Law in the Internet Society

We Need a Federal Online Privacy Regulatory Framework

I. The Ecology of Privacy

One cannot think of privacy concerns as issues of individual action and responsibility. This perspective misses the reality that the problems of privacy deal with multiple interconnected biological and non-biological actors. Take one neighborhood, for example. Let's say that House A and House B both have access to a mechanism that will protect them from any privacy concerns. Nevertheless, it is up to each house to sign up or accept the security, creating a system where only some homes in the neighborhood are protected. This regulation is ineffective because it is akin to using an umbrella with holes during the rain; some water is bound to get through, and you will ultimately end up wet. It works similarly when private consumer data protection differs from state to state. Just like water, the internet doesn't stop at state lines.

II. Basing online Privacy Regulation on Environmental Regulatory Principles

The National Environmental Policy Act (“NEPA”) requires federal agencies to assess the environment effects of their proposed actions before making decisions. In other words, the NEPA sets an overarching set of commitments and requires people to move consciously to make impact statements that are justiciable in federal courts. NEPA establishes “the broad national framework for protecting our environment.” Under NEPA there is a vertical regulatory schemes that deal with specific areas of the environment in which we want the government to achieve the objective set by i.e., The Drinking Water Act ("SDWA") and The Clean Air Act (CAA)

According to the Environmental Protection Agency ("EPA"), "under the SDWA, EPA sets standards for drinking water quality and oversees the states, localities, and water suppliers who implement those standards." Even though different actors might have different needs in various contexts, there is still a uniform set of federal standards for drinking water across the United States. In the water regulatory scheme, it is not up to each individual whether they receive lead-poisoned water; it's up to the government actors to do their jobs and set uniform standards across the country. Similarly, the onus of securing online privacy should not be on citizens but on government actors whose job is to set standards and regulations.

III. Imagining a National Privacy Security Policy Act (“NPSP”)

Currently, "the United States doesn’t have a singular law that covers all types of data privacy. Instead, it has a mix of laws that go by acronyms like HIPAA, FCRA, FERPA, GLBA, ECPA, COPPA, and VPPA.” The way our current privacy (or lack therefore) regulatory framework works is akin to allowing your neighbors use lead-poisoned water. You think your water is safe from pollution. Privacy regulation is an ecological issue and must be regulated as such.

We must imagine what the NEPA equivalent statute for privacy regulation would look like. What overarching set of commitments or standards would it layout? This paper proposes a National Privacy Security Policy Act (“NPSP”). The act would establish a broad national framework for protecting American citizens’ privacy. It is imperative to stress that this act and any verticals to follow focus on protecting people, not data. I also want to note my limitation in suggesting specific commitments and standards, given that I am not a privacy expert, and we need experts to develop these standards. However, I can humbly law out a brief blueprint.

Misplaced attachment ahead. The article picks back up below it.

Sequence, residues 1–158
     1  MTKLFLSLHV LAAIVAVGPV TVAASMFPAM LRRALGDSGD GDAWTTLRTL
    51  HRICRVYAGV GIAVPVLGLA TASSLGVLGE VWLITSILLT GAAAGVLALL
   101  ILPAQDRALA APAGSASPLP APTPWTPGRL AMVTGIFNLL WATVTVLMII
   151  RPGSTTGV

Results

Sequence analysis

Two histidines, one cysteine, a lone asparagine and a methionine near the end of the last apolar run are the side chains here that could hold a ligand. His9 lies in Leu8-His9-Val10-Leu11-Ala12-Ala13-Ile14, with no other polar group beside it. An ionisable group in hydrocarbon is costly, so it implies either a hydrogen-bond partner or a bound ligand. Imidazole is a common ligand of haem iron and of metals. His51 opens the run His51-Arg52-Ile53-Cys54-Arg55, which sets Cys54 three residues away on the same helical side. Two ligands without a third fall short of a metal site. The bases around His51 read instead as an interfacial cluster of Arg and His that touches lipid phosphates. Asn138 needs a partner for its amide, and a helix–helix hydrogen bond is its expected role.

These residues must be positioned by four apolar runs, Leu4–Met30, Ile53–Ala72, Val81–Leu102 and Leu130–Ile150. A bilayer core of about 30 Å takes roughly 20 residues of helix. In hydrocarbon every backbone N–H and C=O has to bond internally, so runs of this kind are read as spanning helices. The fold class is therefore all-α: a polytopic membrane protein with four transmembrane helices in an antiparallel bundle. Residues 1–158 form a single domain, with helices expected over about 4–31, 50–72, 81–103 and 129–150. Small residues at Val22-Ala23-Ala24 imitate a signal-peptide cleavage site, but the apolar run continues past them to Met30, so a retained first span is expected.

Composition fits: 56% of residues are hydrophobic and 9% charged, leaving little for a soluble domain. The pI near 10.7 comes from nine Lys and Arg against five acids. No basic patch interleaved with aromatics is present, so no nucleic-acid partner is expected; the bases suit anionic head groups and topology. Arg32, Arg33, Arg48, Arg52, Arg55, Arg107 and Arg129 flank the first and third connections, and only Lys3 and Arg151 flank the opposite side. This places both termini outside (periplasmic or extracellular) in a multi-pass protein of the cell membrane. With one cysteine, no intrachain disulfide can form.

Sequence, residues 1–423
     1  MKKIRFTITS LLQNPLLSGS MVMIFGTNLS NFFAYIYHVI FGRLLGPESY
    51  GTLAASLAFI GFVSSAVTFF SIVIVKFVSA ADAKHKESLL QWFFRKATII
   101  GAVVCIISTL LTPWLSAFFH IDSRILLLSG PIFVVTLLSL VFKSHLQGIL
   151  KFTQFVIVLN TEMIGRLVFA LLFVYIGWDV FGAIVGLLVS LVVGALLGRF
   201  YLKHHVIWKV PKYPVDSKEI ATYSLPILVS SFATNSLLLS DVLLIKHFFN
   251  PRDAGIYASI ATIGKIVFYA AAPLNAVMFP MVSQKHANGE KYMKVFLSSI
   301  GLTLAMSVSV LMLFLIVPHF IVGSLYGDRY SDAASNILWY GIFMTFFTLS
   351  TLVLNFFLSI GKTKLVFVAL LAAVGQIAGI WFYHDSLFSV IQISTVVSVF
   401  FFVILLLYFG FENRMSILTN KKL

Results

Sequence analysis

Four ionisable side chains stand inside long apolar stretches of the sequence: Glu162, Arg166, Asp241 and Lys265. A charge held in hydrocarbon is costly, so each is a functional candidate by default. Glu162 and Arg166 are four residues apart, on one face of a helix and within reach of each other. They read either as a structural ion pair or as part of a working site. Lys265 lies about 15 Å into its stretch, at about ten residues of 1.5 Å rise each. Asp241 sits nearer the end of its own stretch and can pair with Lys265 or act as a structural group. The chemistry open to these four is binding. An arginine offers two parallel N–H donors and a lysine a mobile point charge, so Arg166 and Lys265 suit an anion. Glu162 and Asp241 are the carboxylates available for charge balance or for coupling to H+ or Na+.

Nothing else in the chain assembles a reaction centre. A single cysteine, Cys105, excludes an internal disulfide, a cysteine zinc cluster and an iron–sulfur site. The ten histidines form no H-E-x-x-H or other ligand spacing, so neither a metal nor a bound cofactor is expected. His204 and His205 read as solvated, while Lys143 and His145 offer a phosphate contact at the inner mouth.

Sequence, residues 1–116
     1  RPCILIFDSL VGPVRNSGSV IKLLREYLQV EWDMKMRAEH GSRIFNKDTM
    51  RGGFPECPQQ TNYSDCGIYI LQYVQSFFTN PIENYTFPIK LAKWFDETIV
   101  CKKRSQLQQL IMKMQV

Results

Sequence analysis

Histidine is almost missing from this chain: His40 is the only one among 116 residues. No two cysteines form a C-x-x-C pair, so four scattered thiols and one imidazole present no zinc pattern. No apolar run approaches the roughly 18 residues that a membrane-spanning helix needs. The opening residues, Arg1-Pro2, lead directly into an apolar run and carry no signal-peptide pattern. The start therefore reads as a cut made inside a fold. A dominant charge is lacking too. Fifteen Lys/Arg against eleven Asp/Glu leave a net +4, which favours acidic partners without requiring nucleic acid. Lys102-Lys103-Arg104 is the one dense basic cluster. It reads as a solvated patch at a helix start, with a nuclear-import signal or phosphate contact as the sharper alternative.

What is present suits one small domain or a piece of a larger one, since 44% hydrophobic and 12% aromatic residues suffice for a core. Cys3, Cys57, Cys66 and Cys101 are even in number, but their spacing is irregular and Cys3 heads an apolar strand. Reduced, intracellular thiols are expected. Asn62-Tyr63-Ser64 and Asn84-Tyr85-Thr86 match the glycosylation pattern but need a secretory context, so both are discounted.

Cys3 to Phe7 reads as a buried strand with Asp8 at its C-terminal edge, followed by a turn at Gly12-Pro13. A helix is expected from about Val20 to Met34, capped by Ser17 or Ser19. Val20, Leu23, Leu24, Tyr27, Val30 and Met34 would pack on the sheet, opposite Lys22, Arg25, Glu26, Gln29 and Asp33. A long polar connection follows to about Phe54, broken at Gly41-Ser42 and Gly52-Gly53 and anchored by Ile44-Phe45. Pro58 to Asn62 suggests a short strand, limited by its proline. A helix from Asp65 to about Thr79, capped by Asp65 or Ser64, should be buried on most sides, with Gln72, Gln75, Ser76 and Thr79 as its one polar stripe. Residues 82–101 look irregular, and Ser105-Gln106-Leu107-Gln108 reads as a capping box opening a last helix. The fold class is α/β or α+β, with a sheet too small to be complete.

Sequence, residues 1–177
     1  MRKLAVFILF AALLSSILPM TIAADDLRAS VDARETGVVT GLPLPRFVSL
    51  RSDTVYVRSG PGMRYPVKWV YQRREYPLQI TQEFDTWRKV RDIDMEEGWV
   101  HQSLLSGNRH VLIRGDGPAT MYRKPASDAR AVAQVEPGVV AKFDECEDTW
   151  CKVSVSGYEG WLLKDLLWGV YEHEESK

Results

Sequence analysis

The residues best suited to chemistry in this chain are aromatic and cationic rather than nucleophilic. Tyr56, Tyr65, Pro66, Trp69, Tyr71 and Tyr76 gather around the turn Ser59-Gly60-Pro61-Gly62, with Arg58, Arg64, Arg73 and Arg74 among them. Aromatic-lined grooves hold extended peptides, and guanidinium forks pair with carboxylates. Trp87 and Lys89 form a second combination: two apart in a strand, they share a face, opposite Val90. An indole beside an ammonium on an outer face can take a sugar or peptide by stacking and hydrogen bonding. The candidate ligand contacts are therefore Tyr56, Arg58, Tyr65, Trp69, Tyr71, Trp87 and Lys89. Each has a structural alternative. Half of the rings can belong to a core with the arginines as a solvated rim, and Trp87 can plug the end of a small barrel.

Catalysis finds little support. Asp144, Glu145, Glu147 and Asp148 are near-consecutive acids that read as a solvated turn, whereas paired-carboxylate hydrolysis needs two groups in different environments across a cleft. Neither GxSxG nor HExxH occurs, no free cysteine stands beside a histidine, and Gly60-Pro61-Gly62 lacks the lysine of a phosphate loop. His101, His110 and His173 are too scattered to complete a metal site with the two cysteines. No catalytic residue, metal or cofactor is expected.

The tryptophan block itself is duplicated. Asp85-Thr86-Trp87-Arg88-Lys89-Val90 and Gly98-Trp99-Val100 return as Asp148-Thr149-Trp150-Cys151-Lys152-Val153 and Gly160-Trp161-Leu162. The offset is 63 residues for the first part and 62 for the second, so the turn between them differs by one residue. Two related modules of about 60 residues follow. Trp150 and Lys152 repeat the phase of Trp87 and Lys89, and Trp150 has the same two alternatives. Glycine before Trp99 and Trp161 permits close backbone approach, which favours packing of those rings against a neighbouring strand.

Congress knows to protect people v. protecting data, at least when it wants to. “The Bork Tapes” refers to a series of 146 videotapes rented out by then Judges Robert Bork from Block Buster Videos. During his supreme court confirmation hearings, the City Paper published Bork’s rentals in a cover story called “The Bork Tapes.” Congress responded by passing the Privacy Protection Act (VPPA), which forbids the sharing of video tape rental information with anyone. However, in 2012, “after lobbying by Netflix, Congress and President Obama stripped away much of the VPPA” to allow many companies to begin selling users' data at will.

The watering down of the VPPA uncovered a critical fact: The gap in privacy regulation is not a vacuum but a structure that was put there to repeal, and it's carefully designed to repeal new regulations. Lobbies of companies like Netflix have carefully arraigned a “no-law zone”; these platforms’ creation of a no-law system is carefully maintained in and by the United States Senate, which results in an unwillingness to use the democratic process to protect people. This lack of security regulations an engineered item.

The NPSP would fill in the gap by making it illegal to sell user data to third parties. It would also take away Congress’ power to make this decision by putting those regulatory schemes in the hands of a federal agency such as the Online Privacy Regulatory Commission. Companies like Netflix, Hulu, and Facebook would have to make impact statements about their privacy regulations that are justiciable in federal courts.

A federal regulatory body would keep actors in check and impose fines and criminal sanctions when the act is violated. i.e., if a company is found to be selling data to third party vendors when it released a statement that it would not, the company would be open to civil and criminal charges. Like the EPA or the Nuclear Regulatory Commission, the Online Privacy Regulatory Commission would be an independent agency with rulemaking authority whose job would be to set standards and regulations for online privacy control and oversee that States and Online service providers implement these standards.




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r5 - 06 Feb 2024 - 04:45:24 - AllysonChavez
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